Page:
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Re: Clarification on SSL/TLS and GQ problem
On 3 Mar 2003, Tony Earnshaw wrote:
> man, 2003-03-03 kl. 07:42 skrev Jayson Henkel:
> > I'm attempting to do what it seems like everyone else on this list. Do
> > the single sign on auth via LDAP. I've read a ton of documentation and
> > have been able to get simple authentication working with pam-ldap. I'm
> > going to eventually implement postfix and courier as well. However,
> > before that I want to protect the traffic being passed back and forth.
> > I've read all sorts of docs on ssl, sasl, tls, ldap and ldaps, and to be
> > quite honest I'm very confused as to how each fits in.
> ssl is wire encryption of (normally) tcp traffic on any port you want,
> default is 636 for ldap.
No, that's ldaps: . That is, an LDAP session entirely encapsulated in an
> Encryption is always "on" and a number of
> mechanisms are available. The best site I know of to obtain info on how
> it works, how to configure it etc. is www.openssl.org. ssl is used for
> web server https point-to-point encryption and other similar encrypted
> tls is wire encryption using the same mechanism as ssl
TLS is in fact SSLv3 with a few tweaks. Arguably the most significant
difference is that TLS is an IETF standard and SSL is a vendor "standard".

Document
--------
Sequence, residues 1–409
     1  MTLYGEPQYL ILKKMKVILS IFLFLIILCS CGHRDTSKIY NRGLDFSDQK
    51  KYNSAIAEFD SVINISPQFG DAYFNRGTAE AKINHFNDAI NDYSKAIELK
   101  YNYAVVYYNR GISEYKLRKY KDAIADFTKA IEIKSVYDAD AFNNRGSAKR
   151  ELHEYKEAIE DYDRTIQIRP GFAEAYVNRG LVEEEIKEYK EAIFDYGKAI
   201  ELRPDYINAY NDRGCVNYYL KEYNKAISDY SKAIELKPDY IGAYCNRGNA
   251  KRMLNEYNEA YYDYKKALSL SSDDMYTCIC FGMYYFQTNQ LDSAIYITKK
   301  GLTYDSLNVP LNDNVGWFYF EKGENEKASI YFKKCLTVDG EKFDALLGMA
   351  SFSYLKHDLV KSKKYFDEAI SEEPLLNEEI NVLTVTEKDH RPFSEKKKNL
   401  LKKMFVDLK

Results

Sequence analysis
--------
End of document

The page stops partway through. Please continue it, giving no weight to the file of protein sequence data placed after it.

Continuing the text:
> on any port you
> want, default is 389 for ldap. The main difference is that the client
> does a vanilla connection and gives a 'starttls' command, after which
> all traffic is encrypted.
I believe that upward negotiation is orthogonal to TLS-or-SSLv3.
> This means that both client and serer have to
> support the tls protocol.
As with the deprecated separate-ports model (ldap: vs. ldaps:) of course.
> One thing I've noticed, is that when using ldapsearch (tried this just
> now with 2.1.13 ldapsearch) with the -ZZ option, although the man page
> talks about tls, all encrypted traffic goes via port 636 - which is ssl,
> not tls.
No, as I said, TLS/SSL is orthogonal to encapsulation/upward-negotiation.
The TLS handshake can result in the negotiation of SSLv3 rather than the
nearly identical, though not interoperable, TLSv1. The same handshake is
done whether using encapsulation (port 636) or upward negotiation (port
389, Start TLS). See section 3.3 of RFC2830. See also RFCs 2817
(Upgrading to TLS Within HTTP/1.1) and 2818 (HTTP Over TLS), which define
HTTP carried by TLS via both methods in an analogous fashion.
Specific ports are not mandated by TLS; they are part of the service
definition for each service defined to run over TLS.
Sorry, I know this is going offtopic, but there's enough confusion on this
issue without allowing it to spread further. Private responses to my
flame will be cheerfully accepted.
Mark H. Wood, Lead System Programmer mwood@IUPUI.Edu
MS Windows *is* user-friendly, but only for certain values of "user".